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Welshonion


Latest posts by Welshonion

Mowing the lawn, but not the frogs!

Posted: 25/03/2014 at 00:05

And you name yourself 'Green Gardener'?

raised ponds.built out of sleepers and scaffolding boards

Posted: 25/03/2014 at 00:03

If the pond is covered with wire, how can the children enjoy it?

Children drown if they can't get out of a pond.  I think all four of my children have had a ducking in various ponds over the years.

Eternal vigilance is the only thing.  Or give up the pond idea until they are old enough to be safe..

Compost

Posted: 24/03/2014 at 18:27

JdeV, of course the desire to use less peat is valid.  But finding rubbish (glass, plastic, chunks of wood, concrete and brick, etc) in bought-in compost is a direct result of that.

That sort of stuff should have been screened out, but unless we complain it won't be.

Compost

Posted: 24/03/2014 at 09:42

Kevin, I think you may be muddling bought-in compost with what you make yourself.

It's a shame they are both called compost. They are not the same.

If you have bought bad compost, take it back to the shop where you bought it and complain.  That is who you have the contract with; they must give you your money back or whatever the remedy is. Do not forget to say you go on Gardening Message Boards and you will be publicizing their carp compost.

I have to say that rubbish bought-in compost is the result of gardeners claiming they want peat-free and various rules about land-fill etc, etc.

How to improve my water retention

Posted: 24/03/2014 at 09:33

Dripping water will not cure the problem as it will encourage the roots to grow near the surface.  You need to soak the plants, maybe, just once a week with a hose or watering cans.

Get yourself some water butts and fit them to your down-pipes, this will give you somewhere to fill watering cans.

I wonder what your soil is as clay is water-retentive and the drop to your neighbour's garden should have a minimal effect. It may be the solution to grass it over.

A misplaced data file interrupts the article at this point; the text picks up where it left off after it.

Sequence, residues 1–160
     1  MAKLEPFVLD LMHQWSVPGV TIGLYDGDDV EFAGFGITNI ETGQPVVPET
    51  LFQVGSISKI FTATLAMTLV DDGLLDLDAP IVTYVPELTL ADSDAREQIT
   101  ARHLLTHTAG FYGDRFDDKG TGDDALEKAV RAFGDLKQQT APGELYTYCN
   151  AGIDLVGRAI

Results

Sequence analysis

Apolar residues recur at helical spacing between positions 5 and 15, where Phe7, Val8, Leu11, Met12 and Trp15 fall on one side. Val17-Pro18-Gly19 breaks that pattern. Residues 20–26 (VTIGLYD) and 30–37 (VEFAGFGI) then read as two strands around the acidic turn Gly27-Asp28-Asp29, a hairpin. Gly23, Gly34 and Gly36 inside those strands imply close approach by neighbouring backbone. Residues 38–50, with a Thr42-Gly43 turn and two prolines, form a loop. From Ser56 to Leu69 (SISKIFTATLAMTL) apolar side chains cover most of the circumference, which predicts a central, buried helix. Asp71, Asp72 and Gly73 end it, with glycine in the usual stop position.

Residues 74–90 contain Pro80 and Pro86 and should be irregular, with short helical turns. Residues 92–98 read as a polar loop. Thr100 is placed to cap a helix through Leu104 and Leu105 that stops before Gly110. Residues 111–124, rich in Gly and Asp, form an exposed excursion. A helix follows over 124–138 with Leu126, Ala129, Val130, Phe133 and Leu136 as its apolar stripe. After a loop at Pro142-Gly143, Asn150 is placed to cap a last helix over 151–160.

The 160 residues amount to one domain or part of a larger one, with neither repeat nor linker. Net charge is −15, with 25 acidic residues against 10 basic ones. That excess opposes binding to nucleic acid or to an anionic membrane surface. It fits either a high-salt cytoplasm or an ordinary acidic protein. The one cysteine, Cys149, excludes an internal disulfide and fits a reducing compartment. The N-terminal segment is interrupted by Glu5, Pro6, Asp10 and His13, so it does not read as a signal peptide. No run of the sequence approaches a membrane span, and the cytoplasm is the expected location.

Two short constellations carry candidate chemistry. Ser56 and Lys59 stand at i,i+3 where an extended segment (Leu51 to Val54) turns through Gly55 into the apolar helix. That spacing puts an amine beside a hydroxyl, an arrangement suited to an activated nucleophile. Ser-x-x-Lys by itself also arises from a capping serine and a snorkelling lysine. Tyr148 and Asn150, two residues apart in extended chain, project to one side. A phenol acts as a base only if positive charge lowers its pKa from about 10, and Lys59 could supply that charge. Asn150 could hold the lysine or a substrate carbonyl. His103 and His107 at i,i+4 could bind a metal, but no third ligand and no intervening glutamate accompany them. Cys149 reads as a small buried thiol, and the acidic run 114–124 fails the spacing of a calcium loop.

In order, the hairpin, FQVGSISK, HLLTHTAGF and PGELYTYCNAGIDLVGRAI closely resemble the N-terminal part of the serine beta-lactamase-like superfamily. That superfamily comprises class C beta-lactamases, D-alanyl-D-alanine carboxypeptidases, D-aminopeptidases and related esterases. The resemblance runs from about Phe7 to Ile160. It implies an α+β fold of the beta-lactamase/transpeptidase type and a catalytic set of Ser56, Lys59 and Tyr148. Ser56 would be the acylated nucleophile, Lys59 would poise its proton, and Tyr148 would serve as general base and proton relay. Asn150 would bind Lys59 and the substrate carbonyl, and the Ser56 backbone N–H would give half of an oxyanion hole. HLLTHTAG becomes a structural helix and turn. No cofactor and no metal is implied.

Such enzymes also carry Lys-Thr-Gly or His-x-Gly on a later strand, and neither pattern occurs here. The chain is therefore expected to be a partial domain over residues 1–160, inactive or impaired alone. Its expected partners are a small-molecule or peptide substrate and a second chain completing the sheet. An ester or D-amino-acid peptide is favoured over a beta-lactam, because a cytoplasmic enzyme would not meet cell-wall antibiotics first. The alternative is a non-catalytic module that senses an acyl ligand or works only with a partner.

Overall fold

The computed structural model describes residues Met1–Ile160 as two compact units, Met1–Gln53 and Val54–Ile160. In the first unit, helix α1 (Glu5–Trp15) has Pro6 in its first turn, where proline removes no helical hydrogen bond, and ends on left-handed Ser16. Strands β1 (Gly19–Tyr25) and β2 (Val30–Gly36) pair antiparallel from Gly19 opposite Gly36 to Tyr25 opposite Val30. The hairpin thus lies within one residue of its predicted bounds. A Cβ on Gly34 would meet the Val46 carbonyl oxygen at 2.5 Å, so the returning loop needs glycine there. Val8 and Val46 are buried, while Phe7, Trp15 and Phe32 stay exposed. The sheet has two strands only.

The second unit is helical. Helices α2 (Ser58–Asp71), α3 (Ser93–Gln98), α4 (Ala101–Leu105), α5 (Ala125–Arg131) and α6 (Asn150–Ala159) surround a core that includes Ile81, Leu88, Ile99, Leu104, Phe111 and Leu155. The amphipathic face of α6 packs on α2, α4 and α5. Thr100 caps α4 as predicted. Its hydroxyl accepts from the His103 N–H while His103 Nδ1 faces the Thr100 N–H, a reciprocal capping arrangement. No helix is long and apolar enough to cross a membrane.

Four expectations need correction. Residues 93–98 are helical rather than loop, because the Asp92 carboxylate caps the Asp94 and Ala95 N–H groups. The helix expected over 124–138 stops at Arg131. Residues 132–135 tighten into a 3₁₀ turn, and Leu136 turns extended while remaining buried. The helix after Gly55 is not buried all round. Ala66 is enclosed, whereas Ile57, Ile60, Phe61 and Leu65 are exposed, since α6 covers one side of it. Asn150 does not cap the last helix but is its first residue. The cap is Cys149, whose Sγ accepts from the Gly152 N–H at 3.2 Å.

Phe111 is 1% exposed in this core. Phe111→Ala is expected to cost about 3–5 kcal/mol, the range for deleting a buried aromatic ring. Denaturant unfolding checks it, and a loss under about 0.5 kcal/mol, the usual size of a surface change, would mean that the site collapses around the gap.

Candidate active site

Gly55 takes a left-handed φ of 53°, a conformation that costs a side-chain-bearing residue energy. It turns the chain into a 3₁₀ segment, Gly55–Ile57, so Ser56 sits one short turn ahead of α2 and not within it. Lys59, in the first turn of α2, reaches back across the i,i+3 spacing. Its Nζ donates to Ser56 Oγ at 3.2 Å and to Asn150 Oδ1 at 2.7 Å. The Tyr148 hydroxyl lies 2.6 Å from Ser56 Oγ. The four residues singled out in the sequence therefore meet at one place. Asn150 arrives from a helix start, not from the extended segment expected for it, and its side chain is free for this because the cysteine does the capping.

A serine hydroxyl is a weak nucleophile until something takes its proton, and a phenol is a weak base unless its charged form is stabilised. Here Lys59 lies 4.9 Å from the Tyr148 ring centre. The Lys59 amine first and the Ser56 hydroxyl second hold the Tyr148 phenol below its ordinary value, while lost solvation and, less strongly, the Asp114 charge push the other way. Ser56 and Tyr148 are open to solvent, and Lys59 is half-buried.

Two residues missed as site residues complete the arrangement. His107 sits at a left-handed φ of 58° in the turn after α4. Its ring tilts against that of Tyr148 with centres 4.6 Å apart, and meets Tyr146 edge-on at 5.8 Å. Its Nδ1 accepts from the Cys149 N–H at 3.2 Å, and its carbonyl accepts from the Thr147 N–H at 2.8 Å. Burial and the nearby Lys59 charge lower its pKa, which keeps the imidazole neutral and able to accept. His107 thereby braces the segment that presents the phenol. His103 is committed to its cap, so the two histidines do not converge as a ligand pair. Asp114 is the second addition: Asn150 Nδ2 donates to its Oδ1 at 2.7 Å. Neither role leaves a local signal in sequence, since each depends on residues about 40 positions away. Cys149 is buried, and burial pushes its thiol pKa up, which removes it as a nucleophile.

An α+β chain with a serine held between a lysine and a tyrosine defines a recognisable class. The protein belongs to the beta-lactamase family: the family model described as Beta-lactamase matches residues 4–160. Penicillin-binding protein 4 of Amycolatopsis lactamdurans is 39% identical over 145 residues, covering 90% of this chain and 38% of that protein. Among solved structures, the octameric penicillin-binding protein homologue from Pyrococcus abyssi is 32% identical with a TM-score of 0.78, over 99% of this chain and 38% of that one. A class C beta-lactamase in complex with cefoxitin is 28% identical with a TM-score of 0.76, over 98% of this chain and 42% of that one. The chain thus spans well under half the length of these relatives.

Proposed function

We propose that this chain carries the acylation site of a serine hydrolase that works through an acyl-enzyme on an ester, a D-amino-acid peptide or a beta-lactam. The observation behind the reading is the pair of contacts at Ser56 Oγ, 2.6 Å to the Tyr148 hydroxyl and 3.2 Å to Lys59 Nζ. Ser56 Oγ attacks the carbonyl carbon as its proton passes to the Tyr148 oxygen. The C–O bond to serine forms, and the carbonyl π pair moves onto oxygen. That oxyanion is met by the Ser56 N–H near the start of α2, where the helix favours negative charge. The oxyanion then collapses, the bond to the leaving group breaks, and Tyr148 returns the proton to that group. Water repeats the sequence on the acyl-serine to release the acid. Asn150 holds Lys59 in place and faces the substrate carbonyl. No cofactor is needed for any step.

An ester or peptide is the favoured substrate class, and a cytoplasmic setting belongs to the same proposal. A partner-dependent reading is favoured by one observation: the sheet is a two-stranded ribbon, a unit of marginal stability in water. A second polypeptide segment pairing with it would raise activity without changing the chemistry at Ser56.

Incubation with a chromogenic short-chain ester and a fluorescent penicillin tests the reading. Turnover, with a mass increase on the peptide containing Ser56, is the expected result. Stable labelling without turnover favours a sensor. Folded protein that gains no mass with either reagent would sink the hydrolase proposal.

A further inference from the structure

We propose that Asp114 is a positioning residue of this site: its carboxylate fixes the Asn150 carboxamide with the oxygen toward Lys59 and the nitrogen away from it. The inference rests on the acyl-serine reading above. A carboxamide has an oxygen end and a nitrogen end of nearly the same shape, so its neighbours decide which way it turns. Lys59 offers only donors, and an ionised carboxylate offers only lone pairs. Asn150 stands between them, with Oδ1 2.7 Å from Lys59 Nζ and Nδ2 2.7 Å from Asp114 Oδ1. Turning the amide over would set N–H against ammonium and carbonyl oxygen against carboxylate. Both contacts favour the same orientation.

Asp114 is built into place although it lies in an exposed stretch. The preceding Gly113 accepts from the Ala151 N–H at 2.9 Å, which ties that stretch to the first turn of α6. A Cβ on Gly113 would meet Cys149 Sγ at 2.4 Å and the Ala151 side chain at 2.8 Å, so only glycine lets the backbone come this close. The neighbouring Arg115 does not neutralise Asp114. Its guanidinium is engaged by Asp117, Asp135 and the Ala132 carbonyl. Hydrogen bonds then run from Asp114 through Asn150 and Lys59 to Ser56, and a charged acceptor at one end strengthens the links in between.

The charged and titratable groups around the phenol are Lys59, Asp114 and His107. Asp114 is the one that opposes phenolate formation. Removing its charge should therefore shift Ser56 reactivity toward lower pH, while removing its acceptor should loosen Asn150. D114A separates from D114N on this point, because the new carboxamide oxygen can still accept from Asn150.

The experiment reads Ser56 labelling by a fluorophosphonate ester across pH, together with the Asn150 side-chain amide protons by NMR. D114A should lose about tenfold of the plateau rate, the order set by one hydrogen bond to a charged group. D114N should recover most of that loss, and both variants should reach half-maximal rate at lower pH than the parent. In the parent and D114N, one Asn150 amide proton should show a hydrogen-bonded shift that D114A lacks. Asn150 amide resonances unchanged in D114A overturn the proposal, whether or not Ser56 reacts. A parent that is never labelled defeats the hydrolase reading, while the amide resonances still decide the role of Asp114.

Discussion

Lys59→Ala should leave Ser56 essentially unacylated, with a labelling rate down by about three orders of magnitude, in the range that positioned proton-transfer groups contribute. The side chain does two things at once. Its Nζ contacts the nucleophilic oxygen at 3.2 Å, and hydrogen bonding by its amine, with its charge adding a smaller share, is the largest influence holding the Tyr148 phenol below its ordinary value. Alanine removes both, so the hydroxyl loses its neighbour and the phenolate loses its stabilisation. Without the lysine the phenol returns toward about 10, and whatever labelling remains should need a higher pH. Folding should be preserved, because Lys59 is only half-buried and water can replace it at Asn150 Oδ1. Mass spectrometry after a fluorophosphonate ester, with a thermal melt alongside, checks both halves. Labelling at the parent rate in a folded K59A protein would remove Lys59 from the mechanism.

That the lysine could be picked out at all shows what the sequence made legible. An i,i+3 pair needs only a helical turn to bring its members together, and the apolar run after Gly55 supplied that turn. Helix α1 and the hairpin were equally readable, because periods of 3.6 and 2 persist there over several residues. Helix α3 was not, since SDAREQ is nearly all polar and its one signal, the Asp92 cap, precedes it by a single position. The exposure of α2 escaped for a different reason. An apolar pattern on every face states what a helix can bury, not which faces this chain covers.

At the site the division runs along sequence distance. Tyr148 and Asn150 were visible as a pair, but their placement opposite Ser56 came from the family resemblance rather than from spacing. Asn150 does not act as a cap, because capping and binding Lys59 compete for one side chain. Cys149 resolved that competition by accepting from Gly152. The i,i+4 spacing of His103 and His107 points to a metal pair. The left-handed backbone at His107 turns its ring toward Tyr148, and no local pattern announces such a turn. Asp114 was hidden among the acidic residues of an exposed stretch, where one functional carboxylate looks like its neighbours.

Adding as much compost as you can is good if you really do want to keep a border.

When to harvest

Posted: 23/03/2014 at 23:31

I think we've had this rain conversation before.  Yes, we are damp over here!

When to harvest

Posted: 23/03/2014 at 17:14

Never had that problem, Dove.

Lulu, you can also harvest them as and when you need them for the kitchen before all the foliage has dried off.  When the foliage is still green.  Time it right though or you will dig them too early.

Polluted ground

Posted: 23/03/2014 at 15:33

I just got worried about the poster who seemed to be worried about parasites and  bacteria and whether the neighbours were healthy!  

Just shows how removed from Real Life some people are.  Though to be fair there was an upswelling of feeling when a local creamery started spreading the waste from the cheese-making on the fields, because it smelled so awful!!  I think it has to be done far from human habitation.

Forsythia hedge

Posted: 23/03/2014 at 00:02

Cut out the branches that flower this year (after flowering) and do the same every year until you have a neat shrub.

Above everything else do not allow anybody that does not know what they are doing near your bushes.  It will break your heart if they cut them back incorrectly.

When to harvest

Posted: 22/03/2014 at 23:53

Edd, what does your post mean?  

The correct time to harvest and store them is when the foliage has died down.  Dry the bulbs off; I usually do it in the greenhouse as our climate is a bit unreliable.

Discussions started by Welshonion

What happened

Potting shed 
Replies: 4    Views: 191
Last Post: 09/05/2014 at 07:44

Red Kites

Replies: 5    Views: 359
Last Post: 23/10/2013 at 18:19

Red Kites

Replies: 2    Views: 277
Last Post: 16/10/2013 at 16:02

Fig Tree Care

Replies: 3    Views: 556
Last Post: 19/06/2013 at 09:05

Swifts

Replies: 6    Views: 376
Last Post: 08/05/2013 at 21:03
5 threads returned